When I last spoke to you, you were really excited about the upcoming Dr. Death limited series. What happened?
Yeah, we got closed down on a Friday, and day one was the following Monday. Originally, we were supposed to close down for ten days because nobody knew what was happening. And within that time, we realized that the virus was much bigger than anyone anticipated. And by that Tuesday, I was already back in the U.K. Then it became a scheduling thing of not being able to shoot with the new proposed dates, so they had to move on and recast. It was a very painful thing at the time because I’ve had such a brilliant relationship with Patrick Macmanus, who created that show. We are still in touch all the time. So I hope it’s a great success, and I think Joshua Jackson will be class. So I’m excited to see it, and I’m sorry that I wasn’t able to fulfill it in the end. But it was just a circumstantial thing.
Can you tell me about Belfast which you just did with Ken Branagh?
It’s very exciting. I probably can’t say too much about it, but it's about the city that I’m from, Belfast. That’s also the city that Ken Branagh is from. And what I think I’m allowed to say is that it somewhat chronicles a part of Ken’s early life in Belfast. Judi Dench plays my mother, and Ciarán Hinds plays my father. Caitriona Balfe also plays my wife, and there are a couple of young, brilliant actors in there. We got to shoot it during the pandemic, which was weird. We got Covid tests every day, and everyone was wearing masks. I feel like Ken and I are quite close, but I kind of never saw the bottom half of his face. It was quite strange. (Laughs.) I get to see a cut of it next week, so I’m really excited. It’s tonally something very different than anything that anybody’s seen me in before, and yeah, I’m really excited. I’m actually so excited to see a cut of it next week because I had a brilliant time making it.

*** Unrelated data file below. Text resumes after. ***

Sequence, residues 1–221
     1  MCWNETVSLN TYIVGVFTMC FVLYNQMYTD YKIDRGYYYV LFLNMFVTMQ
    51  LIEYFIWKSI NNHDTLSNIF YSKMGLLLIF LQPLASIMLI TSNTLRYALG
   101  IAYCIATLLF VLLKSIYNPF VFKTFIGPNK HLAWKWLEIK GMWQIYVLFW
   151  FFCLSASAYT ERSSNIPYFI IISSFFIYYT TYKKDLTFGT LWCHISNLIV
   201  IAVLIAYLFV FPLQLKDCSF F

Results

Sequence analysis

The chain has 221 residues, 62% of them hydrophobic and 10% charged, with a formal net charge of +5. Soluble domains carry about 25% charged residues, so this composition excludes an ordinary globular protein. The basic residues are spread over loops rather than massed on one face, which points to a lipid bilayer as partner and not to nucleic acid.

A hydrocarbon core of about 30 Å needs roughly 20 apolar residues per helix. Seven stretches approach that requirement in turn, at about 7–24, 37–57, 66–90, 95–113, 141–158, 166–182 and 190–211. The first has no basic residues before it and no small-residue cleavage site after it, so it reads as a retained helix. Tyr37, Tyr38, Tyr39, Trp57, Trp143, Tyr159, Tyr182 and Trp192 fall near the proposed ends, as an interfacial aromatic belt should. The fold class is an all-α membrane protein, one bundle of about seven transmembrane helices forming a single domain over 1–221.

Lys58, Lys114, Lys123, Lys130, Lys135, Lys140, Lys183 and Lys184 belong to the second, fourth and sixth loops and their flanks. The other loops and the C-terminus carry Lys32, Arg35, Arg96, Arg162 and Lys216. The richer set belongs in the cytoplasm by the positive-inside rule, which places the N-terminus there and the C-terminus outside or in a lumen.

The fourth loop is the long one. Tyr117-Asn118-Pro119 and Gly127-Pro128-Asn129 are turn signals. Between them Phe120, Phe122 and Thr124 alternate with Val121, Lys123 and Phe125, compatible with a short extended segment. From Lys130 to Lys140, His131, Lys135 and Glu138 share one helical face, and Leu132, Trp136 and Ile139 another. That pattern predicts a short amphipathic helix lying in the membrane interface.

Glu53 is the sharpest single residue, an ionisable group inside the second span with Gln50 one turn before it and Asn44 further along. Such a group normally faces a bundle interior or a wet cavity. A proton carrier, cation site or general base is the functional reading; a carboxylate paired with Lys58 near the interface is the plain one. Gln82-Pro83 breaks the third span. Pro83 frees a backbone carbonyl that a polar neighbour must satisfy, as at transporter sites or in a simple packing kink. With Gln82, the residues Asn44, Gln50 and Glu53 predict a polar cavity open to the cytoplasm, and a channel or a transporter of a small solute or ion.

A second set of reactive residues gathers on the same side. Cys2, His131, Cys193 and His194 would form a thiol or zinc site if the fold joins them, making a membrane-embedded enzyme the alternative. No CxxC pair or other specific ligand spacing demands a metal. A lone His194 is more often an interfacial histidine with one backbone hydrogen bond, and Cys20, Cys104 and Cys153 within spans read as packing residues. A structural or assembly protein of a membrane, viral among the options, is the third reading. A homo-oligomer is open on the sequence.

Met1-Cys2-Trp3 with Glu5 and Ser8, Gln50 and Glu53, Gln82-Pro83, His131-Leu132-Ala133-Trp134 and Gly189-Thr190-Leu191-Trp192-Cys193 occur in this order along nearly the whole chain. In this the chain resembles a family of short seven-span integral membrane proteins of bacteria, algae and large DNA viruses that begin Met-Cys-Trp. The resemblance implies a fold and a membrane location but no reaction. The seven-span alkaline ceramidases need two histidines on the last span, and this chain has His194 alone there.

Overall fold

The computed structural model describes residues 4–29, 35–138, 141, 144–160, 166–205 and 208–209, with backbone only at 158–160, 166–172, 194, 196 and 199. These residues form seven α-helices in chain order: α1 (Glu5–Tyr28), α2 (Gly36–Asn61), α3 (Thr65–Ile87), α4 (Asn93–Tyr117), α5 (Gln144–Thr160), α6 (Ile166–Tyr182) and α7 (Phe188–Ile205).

I can’t let you go without taking a trip back to The Fall. I always found the final season to be interesting because most writers would’ve bypassed the recovery process, but your creator [Allan Cubitt] didn’t cut any corners. What was that hospital stretch like for you?
It was so crazy. We were so hellbent, and rightly so, on being crazy realistic and very much to the point. We couldn’t have doctors watching and going, “Oh, come on, that would never happen.” But essentially, I’d just lay in that hospital bed with a lot of fake, very cold blood circling around my lower back. (Laughs.) That whole experience of being in that hospital was very uncomfortable. I’m also someone who’s not very good at sitting still. I have a lot of energy at all times. So I basically had to be in that hospital bed for about a month, which was tough for me, but it was a joy to be on that set every day. Being on that show was so fun, and shooting in my hometown with a crew that sounds like me brought great comfort to me. All of us received such a great response to the work we did. And since we knew that the third series was going to be my last, I tried to enjoy every day on set because I didn’t want it to end.
Wild Mountain Thyme is now available in select theaters, on-demand and digital.
by Graeme McMillan
by Graeme McMillan
by Rick Porter